Stop, Drop and Roll: A Fresh Idea for Saving Herbs

10/11/2013 at 03:57 PM ET

Spoon Fork Bacon Herbs
Courtesy Spoon Fork Bacon

Jenny Park and Teri Lyn Fisher are the food stylist/recipe development/photography duo behind the blog Spoon Fork Bacon. Visit every Friday for their take on celebrity recipes, plus tips on cooking, entertaining, food photography and more.

We love using fresh herbs in our cooking and rarely, if ever, use dried ones. Cooking with fresh herbs brings a bright new flavor to a dish and a beautiful aroma to the kitchen.

But you have to act fast! Delicate herbs like parsley, basil and sage are usually sold by the bunch and can go bad quickly if you don’t use them up within the first day or two. So we’ve developed a trick to help keep herbs super fresh for as long as possible.

First, lightly wet a few paper towels and lay them on a flat surface. Place the herbs on top and tightly wrap them into a paper-towel cocoon.

Spoon Fork Bacon Herbs
Courtesy Spoon Fork Bacon

Drop the wrapped herbs into a zip-top plastic bag, pushing out as much air as possible before sealing. This will help keep the humidity out, which causes the herbs to go limp and turn brown. Then just toss the bag into the fridge until you’re ready to use the herbs again.

Spoon Fork Bacon Herbs
Courtesy Spoon Fork Bacon

This will help keep your herbs fresher for 4-5 days longer than if you just put them in the refrigerator. You can also submerge the herbs in a bowl of ice-cold water and place it in the fridge—but when you’ve got a week’s worth of groceries packed in there, there’s rarely any room for a bulky bowl. Our method is fast, compact and will help stretch that precious grocery money.

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The Latest Craze in Disco Styles Is See-Through Jeans—but Beware of Foggy Bottoms


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The Latest Craze in Disco Styles Is See-Through Jeans—but Beware of Foggy Bottoms

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On a clear day, you can see forever—or at least that’s the wicked thought behind L.A. designer Agi Berliner’s transparent idea: see-through jeans. Exhibitionists notwithstanding, most folks wear them over bathing suits or as attention-getting evening wear with halters, garter belts and body stockings. Created for the disco crowd, the $34 jeans are selling like, well, hot pants. In just six weeks, 25,000 pairs have already been sold in such major department store chains as Macy’s, Bonwit’s and Saks.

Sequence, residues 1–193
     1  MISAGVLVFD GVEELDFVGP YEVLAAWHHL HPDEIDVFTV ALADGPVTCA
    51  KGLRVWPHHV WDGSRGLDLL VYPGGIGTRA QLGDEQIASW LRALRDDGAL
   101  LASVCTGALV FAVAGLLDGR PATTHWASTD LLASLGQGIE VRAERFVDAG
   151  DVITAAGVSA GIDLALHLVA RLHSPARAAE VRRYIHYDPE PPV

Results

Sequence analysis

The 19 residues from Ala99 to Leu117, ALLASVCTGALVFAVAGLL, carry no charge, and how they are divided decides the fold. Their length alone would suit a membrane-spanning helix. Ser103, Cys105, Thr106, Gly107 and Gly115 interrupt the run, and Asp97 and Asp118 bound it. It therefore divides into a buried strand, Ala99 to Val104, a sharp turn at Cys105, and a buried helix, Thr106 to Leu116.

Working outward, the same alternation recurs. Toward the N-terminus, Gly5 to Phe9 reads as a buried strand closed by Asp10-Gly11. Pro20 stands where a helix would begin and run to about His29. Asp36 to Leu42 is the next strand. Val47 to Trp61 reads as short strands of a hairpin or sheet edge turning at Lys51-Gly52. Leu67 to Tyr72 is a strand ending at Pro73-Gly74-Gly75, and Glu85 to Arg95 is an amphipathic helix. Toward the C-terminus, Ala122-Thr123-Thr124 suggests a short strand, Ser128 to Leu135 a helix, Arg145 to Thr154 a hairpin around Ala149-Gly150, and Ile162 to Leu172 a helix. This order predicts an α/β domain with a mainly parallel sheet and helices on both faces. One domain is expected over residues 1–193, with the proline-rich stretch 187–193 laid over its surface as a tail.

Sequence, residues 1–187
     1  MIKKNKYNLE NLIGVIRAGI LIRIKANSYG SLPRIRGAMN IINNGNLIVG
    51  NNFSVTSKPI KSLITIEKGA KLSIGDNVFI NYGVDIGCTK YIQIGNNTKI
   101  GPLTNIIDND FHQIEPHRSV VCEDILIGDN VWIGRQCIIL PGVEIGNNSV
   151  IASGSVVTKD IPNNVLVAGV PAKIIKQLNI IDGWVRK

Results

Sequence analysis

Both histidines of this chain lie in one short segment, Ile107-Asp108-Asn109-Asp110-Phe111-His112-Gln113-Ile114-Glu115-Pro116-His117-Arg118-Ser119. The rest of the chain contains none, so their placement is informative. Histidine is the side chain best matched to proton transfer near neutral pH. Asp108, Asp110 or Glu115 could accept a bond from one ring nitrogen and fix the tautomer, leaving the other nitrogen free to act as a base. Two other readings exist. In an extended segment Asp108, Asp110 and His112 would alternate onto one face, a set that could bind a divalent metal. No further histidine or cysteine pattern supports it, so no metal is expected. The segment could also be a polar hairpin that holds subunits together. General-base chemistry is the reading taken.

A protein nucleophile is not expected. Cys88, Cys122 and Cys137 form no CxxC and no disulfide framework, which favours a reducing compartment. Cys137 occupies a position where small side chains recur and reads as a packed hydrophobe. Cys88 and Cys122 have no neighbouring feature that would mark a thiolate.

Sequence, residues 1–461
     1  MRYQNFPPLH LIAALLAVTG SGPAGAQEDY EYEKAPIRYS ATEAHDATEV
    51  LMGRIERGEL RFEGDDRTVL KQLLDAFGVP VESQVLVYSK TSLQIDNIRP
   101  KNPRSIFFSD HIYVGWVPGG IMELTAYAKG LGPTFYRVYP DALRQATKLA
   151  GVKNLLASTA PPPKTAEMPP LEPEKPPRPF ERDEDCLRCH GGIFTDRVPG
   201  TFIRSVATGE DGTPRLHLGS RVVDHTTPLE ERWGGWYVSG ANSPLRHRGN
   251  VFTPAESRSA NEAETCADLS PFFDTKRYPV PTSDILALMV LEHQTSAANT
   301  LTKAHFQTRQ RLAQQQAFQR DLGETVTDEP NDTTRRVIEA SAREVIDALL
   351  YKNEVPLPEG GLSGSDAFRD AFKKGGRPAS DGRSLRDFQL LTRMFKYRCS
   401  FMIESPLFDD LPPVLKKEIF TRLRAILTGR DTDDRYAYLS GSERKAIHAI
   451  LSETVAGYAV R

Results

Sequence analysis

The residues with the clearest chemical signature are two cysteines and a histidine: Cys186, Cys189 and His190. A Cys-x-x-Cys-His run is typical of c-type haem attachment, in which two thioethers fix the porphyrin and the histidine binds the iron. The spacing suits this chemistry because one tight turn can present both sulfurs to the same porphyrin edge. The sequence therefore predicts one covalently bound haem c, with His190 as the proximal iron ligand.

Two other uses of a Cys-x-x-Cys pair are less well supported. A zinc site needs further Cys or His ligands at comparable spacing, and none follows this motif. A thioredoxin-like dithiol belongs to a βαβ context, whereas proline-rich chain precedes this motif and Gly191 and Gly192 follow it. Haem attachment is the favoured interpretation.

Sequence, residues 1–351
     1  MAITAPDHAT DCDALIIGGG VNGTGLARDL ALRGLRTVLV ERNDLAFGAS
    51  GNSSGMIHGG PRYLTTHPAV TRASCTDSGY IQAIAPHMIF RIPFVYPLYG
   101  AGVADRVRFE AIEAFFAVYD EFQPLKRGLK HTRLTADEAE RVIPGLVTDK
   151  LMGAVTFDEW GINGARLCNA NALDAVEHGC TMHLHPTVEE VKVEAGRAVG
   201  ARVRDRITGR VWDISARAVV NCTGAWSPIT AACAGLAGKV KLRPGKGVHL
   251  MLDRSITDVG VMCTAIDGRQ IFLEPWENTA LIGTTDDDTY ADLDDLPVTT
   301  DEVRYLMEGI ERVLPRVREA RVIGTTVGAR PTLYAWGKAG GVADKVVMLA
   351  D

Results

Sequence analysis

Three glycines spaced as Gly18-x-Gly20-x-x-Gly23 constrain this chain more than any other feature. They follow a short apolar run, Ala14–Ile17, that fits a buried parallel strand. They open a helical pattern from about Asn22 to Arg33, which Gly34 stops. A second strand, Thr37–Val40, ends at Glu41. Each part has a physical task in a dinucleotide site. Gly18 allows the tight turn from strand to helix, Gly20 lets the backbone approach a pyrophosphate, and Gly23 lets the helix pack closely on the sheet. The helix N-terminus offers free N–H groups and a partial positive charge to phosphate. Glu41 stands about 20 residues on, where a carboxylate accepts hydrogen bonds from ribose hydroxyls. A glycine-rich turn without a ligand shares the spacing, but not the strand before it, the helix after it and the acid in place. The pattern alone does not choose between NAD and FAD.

“What’s limiting American designers is that we’re afraid to do something different,” says Berliner, 32, a Hungarian émigré who fled with her family to the U.S. in 1956. Agi thought up the gimmick in London while marveling at the way plastics were being employed by designers of punk fashion. In her L.A. office, where she designs for La Parisienne junior sportswear, Agi spent five days on the phone and six weeks testing to come up with the right plastic.

Agi herself tried out the French-cut jeans with the zipper in front, and quickly found several problems: Some plastics tore away from stitching, others wouldn’t bend and all fogged with perspiration. The ideal material proved to be a vinyl supplied by a bookbinder. The steam was eliminated with a series of vents behind the knees and in the crotch. “They’re no hotter than polyester pants,” claims Agi, “and if you wear them with tights, they won’t stick to your legs.”

Whatever the discomfort and despite the problem of Saturday night feverishness, discomaniacs report one major advantage of the plastic pants: no laundry bills. To keep Berliner’s see-through jeans clear, all the wearer needs is a little Windex.

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